Monday, May 30, 2011

31 Days of Comics #30

The Further Adventures of Indiana Jones #22
By David Micheline, Jim Owsley and Joe Brozowski

I was nine years old in the summer of 1984, and I was all about Indiana Jones.

Weirdly, I had managed to miss Raiders of the Lost Ark completely – and it would be another three or four years before I eventually saw the first movie – but I had been to see Indiana Jones and the Temple of Doom three times at the cinema, and would have gone to see it every day if they would have let me.

These were the last days of the pre-video age, but that didn’t do me much good. The only chance I had to enjoy Temple of Doom over and over again was to get the comics. Marvel’s three issue adaptation of the movie was a fairly average affair by David Micheline and Jackson Guice, but they had terrific covers and little bits that had been cut out of the movie, so I wanted them bad.

But this was New Zealand in 1984, and expecting any consecutive issues of an American comic book was foolhardy. I got #1 and #3 easily enough, but I couldn’t find #2 anywhere.

So when my Mum said she was going to get the new Indiana Jones comic from the bookstore when I had the flu, I was excited as hell. When she ended up giving me The Further Adventures of Indiana Jones #22 instead, I was horribly disappointed. I didn’t even say thank you, because it wasn’t what I wanted, and because nine-year-old boys are little shits.

Twenty seven years later, and I’ve still got that comic. I did get that #2 of the Temple of Doom comic a few years later, but got rid of all my Indiana Jones comics years ago, except for this one. (I really wish I still had #14, because it was the other Inidana Jones comic I loved as a kid, and because I just found out it was drawn by – bloody hell – David Mazzucchelli, but I haven’t seen it around in ages.)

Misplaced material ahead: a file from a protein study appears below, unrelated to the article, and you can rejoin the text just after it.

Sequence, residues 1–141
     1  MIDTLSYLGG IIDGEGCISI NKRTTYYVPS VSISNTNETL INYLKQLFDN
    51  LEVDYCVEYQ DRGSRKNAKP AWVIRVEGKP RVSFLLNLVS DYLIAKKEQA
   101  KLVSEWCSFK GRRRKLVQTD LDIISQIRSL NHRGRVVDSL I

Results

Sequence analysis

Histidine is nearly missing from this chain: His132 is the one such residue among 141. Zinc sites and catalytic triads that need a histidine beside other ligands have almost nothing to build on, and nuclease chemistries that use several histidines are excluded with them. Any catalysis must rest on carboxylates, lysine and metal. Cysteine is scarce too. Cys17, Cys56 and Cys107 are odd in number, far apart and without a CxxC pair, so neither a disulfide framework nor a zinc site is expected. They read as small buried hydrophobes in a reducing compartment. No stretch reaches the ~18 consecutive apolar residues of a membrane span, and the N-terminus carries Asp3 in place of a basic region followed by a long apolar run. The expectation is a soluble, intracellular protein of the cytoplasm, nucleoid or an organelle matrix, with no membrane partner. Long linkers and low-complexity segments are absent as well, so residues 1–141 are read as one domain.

I’ve still got The Further Adventures of Indiana Jones #22 because when I read it I can feel the aching embers of that passion for All Things Indy, and because it’s still a surprisingly okay comic.
Artist Joe Brozowski could be mistaken for John Buscema if you squinted hard enough, and with a plot by Micheline and a script by Jim Owsley, things hum along nicely, with an ancient macguffin, trains tearing through the countryside, copious exposition, a failed raid on an indomitable fortress, Indy fighting a bear by shooting it with a champagne cork and a villain consumed by a demonic black flame.

Owsley would later change his name to Christopher Priest, and the kind of quick banter he would become known for is already in place. Indy’s thought balloons during his fight with the bear are priceless, showing his real fear as he blusters outwardly, and thinking about how much he hates those red shoes Marion is always wearing as he is crushed to death.

You can’t always get what you want, but sometimes you get what you need. I ended up reading this comic a thousand times in that summer of 1984 and I love it still, from the price that is still etched on the cover in ballpoint pen ($1.19 in NZ money) to the final result of a contest of wills. It was one of those cornerstones in my history of reading comics, a single issue that sparked a fire that still burns today.

Thanks, Mum!

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